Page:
To the women getting shamed for choosing their career or decision to not have a family at the ‘expected time’ or to not having one at all, I am with you. I don’t want to wake up one morning in thirty years and think that I didn’t give everything I had to my dream of being a marine researcher, whether it be in coral reef rehabilitation, cetacean ethology, or as a scientist activist. Which one I do not know yet, but I know that I must follow these feelings.

 

This planet is the only one we have and it is our responsibility to ensure that the environment will be in a healthy state for generations to come. We are at a crossroads where we have to make a decision about the future we want for our planet right now.  Individual action is the most powerful tool we have as young people to make a change and to stand for what we believe in.

 

These are some of the easiest ways to reduce your plastic consumption and carbon footprint:

- Buy yourself a nice metal reusable water bottle and take it with you everywhere you go.

- Ask for no straw when you are getting a cocktail/milkshake/juice because it is a useless piece of plastic that will be used for only seconds and last forever! The best way to avoid straws is to just say no to them or to buy a pack of metal/ glass or bamboo reusable straws.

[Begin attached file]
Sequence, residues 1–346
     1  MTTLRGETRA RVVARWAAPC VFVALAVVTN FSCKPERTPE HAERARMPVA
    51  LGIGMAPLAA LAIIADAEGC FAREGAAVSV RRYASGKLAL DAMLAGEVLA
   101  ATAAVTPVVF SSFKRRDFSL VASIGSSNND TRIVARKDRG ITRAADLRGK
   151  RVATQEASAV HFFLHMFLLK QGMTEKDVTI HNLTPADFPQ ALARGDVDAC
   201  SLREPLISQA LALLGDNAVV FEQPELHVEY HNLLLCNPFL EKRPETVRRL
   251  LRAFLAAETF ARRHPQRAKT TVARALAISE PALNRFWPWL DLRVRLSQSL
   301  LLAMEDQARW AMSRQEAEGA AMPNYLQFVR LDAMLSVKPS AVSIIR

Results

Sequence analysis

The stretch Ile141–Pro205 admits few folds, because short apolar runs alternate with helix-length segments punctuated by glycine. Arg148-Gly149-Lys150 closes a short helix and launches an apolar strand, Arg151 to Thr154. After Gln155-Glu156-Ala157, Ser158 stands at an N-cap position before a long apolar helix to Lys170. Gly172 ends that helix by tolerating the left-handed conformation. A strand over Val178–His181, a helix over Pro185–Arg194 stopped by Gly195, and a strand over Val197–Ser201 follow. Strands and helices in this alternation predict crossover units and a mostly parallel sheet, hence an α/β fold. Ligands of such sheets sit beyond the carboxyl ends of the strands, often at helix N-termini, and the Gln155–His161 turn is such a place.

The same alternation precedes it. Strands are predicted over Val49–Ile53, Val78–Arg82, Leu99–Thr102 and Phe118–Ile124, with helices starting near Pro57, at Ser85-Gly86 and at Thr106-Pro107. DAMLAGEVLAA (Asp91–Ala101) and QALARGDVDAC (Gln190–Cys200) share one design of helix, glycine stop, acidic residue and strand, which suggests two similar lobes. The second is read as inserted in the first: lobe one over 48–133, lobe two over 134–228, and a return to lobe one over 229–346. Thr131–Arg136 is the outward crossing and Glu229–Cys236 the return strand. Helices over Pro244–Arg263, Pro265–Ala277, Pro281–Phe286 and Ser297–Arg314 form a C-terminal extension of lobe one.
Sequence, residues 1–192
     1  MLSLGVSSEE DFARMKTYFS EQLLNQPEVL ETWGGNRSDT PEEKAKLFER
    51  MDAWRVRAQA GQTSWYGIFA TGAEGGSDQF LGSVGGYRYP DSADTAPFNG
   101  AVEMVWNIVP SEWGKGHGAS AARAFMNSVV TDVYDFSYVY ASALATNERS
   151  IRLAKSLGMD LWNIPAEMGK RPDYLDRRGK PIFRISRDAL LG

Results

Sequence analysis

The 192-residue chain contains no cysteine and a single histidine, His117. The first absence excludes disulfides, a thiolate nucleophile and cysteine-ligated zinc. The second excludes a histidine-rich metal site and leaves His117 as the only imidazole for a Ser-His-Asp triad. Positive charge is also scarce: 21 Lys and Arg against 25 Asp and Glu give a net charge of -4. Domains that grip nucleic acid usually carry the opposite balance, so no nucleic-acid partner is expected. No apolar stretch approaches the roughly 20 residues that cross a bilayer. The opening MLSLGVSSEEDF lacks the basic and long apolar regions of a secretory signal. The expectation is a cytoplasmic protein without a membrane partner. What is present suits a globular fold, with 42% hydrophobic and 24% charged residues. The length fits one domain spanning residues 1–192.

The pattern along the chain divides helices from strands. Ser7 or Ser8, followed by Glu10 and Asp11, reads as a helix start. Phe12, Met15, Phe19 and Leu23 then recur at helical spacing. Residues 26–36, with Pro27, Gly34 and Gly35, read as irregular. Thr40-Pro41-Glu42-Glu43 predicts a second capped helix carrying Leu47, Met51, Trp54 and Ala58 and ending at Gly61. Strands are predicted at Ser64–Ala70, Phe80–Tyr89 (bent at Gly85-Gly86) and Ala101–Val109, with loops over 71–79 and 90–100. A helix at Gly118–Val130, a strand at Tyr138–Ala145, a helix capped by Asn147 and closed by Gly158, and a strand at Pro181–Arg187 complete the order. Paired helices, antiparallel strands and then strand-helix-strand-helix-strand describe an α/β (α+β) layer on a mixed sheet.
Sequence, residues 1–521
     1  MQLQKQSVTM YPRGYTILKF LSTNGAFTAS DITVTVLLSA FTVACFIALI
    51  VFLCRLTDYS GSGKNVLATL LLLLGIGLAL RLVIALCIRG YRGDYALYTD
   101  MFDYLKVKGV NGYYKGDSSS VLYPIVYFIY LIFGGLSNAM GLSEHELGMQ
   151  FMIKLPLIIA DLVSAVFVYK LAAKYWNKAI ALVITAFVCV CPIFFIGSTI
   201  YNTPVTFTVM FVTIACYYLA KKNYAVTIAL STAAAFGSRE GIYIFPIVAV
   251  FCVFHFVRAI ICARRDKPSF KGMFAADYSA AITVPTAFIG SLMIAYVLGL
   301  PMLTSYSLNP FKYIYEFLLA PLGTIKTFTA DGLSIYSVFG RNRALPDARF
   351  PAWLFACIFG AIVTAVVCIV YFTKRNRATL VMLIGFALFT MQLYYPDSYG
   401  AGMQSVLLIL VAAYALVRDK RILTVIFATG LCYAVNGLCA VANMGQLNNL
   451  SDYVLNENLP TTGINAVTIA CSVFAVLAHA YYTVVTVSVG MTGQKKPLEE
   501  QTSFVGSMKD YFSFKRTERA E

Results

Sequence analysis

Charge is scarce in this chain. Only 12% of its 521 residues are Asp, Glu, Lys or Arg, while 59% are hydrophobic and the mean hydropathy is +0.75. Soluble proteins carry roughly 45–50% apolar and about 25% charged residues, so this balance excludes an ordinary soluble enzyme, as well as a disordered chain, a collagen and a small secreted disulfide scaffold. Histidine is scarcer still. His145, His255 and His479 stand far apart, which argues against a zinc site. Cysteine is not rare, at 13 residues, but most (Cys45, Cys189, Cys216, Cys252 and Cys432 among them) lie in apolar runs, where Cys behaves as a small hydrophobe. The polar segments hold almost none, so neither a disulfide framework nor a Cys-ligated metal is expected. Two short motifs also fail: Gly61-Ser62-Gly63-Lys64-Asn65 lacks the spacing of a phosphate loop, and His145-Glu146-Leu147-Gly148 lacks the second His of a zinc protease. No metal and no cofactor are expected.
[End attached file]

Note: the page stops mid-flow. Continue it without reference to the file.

- Get yourself a keep cup! This is the best investment I have ever made. Buying a keep cup has meant I haven’t used a takeaway cup since 2016. What a lot of people don’t realise is that even if you get a takeaway cup with no lid, the actual cup is lined with a thin piece of clear plastic to waterproof it, meaning that no parts of a takeaway coffee can be recycled.

- Buying sustainable, local and second-hand fashion is a massive way to decrease your impact on the planet. Buy from small business and companies who will willing tell you who made your clothes, under what conditions, for what wage and with what environmental standards. Vintage stores and op shops always have some great options as well!

- As annoying as it sounds, eating less red meat is one of the best ways to reduce your carbon footprint. Agriculture is one of the biggest greenhouse gas polluters today. Even if you don’t want to give up meat totally, just skip the beef burger and go for chicken!

- Only buy fish when it is sustainably certified. Overfishing is almost collapsing our marine ecosystems. The Australia marine conservation society has a great sustainable sea food guide on their website! Also, fish are becoming heavily polluted with micro plastics (<1mm). These toxins leach into their tissues and organelles and then we consume them. This is how plastic has worked its way through our food chain.

- Take 3 for the sea! Whenever you see any trash anywhere but especially the beach, just pick it up and put it in the bin!

 

To all the wom*n out there, stick to your intuition, follow your dreams and remember that there is always someone that supports you, even if it is yourself.


Kristen McSpadden is a 19 year old student and passionate environmentalist from Newcastle. At the moment, Kristen is protesting seismic testing in Newcastle (more info here) and the proposed Adani coal mine (more info here).